2017 九州大学 3番  西村試訳
Ecological systems are the products of the organisms that inhabit them. Q 1 訳せ。(1) All organisms, to greater or lesser degrees, interact continuously with their physical environment and with each other. In some cases, their impact on ecosystems may be disproportionate to their size. Elephants and other grazing animals have made the Serengeti plains what they are, from the characteristics of the grasses on which they tread to the chemical structure of the soil. Billions of years ago, photosynthetic bacteria created the earliest form of the atmosphere as we know it - and, not coincidentally, sparked the first Ice Age. All organisms have a constant and never-ending impact on their ecosystems.
Q 2. According to the first paragraph in this passage, the impact of "elephants and other grazing animals" and "photosynthetic bacteria" on their environments "may be disproportionate." What does "disproportionate impact" mean in this context? Explain in Japanese.

In the long span of human history, the vast majority of environmental damage has occurred in only the past three centuries. Fueled by industrialization and modernization, humans have generated large volumes of certain gases, altered the acidity of rivers, used up underground water sources, introduced alien species, and (ⅱ)impoverished landscapes as they extract and consume resources. Surprising numbers of species have been driven to extinction as human populations have grown worldwide. Human activity has clearly had an enormous effect on the natural environment.
Humans, however, are not unique in their power to reshape environments locally or globally. Burrowing rodents, for example, maintain vast grasslands rich in their favorite foods by continuously turning the soil and discouraging the growth of forests. Sheep, brought to Mexico with the European settlement, created their own grazing land through the action of their hooves on the soil. Then there are the not-so-humble roles of microbes, worms, and other invertebrates in soil formation and rejuvenation. Some plant species have redefined the conditions of natural selection for countless living things and geological processes alike. The lesson is that humans, in their effects on the environment, are on a par with many other organisms.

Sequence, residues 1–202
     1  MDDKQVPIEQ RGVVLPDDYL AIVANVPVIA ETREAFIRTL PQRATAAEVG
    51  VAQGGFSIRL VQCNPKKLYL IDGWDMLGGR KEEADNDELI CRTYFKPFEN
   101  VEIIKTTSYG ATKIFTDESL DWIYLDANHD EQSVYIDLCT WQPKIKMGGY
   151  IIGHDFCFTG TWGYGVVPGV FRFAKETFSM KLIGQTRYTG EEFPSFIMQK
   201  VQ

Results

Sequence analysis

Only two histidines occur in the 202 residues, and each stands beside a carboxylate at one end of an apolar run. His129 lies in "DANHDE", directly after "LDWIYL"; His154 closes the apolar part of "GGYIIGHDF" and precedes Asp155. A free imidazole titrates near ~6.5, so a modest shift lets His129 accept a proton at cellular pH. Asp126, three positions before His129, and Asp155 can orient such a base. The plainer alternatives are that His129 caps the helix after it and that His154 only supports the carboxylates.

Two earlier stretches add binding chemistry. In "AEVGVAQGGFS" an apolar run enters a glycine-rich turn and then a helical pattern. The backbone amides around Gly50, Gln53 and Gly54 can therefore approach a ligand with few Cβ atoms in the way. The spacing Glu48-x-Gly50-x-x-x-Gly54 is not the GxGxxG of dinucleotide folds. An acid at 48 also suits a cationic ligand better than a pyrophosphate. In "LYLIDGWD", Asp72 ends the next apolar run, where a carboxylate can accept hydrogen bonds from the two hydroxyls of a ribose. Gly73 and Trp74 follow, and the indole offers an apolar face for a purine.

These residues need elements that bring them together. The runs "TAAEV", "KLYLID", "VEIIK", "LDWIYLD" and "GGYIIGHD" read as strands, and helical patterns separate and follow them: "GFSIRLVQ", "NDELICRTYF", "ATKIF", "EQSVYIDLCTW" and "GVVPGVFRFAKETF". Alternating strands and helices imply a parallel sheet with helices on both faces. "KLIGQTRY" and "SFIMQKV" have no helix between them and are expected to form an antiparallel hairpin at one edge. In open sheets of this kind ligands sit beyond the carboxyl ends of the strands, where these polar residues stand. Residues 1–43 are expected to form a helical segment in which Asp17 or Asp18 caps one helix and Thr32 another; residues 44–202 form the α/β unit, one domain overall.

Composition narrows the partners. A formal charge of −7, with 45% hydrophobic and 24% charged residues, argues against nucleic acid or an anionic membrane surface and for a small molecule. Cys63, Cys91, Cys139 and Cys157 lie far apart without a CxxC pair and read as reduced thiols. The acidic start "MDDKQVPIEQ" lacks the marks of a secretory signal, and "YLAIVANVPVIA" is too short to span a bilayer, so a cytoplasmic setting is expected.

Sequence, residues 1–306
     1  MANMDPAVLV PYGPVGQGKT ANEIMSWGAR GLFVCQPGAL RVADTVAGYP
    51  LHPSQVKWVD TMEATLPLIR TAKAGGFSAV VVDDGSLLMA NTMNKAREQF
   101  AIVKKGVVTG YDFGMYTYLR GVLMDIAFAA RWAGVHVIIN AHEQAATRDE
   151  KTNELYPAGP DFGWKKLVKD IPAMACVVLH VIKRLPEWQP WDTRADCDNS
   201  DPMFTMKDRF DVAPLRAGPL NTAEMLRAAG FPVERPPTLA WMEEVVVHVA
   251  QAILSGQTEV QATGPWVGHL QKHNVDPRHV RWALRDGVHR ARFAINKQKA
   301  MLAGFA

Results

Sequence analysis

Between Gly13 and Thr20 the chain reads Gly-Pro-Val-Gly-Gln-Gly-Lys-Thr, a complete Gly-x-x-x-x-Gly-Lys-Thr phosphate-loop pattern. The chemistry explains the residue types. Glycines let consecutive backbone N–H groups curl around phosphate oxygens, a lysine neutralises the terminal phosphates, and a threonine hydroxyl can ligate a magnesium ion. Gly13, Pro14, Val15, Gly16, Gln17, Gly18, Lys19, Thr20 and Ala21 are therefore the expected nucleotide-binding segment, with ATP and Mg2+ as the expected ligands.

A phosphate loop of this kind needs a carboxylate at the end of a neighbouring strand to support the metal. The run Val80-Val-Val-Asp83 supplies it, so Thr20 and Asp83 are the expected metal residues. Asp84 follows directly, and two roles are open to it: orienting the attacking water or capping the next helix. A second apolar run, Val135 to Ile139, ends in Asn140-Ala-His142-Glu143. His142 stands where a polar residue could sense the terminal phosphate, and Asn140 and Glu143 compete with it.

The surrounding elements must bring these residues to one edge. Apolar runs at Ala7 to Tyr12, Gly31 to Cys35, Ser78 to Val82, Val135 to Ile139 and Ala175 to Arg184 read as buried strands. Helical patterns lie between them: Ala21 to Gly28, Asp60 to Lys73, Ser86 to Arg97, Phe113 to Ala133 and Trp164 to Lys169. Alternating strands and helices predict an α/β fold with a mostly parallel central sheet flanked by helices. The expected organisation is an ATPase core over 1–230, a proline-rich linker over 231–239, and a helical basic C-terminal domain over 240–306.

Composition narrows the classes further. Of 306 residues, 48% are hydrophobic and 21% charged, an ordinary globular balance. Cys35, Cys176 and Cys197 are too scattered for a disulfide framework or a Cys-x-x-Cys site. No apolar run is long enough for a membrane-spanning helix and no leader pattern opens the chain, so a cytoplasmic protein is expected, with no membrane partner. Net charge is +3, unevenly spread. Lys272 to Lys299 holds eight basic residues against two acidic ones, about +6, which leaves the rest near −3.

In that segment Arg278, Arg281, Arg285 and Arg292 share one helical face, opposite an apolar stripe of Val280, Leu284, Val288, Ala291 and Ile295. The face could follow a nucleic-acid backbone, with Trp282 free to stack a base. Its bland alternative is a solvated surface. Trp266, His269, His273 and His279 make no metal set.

The key to comprehending environmental history is an understanding of the bonds that have formed between humans and other species, for these have generated co-evolutionary processes with their own logic and drive. In many ecosystems today, humans are the dominant species. But such dominance cannot exist apart from the systems and processes that sustain it. The effects of (2)environmental trauma are real, but they are a product of scale, not human exceptionalism. Although the human impact on the planet today is surely the result of human actions and behavior, this should never be confused with intention or control. Nature, much like human society, typically declines to follow the scripts we sometimes choose to write for it.
Q 5. The final paragraph includes the underlined part (2)environmental trauma to describe negative effects on nature. Which of the following (A, B, C, or D) is NOT used as an example of "environmental trauma" in this passage?
A. air composition change 空気組成の変化=大気汚染
B . animal extinction 動物の消滅=野生動物の絶滅
C . soil production 土壌生産=耕作農業 ×
D. water quality change 水質の変化=水質汚染

photosynthetic bacteria: bacteria that use sunlight to produce nutrients
burrowing rodents: animals with strong sharp front teeth that dig holes,
such as prairie dogs
invertebrates: living creatures that have no backbone.


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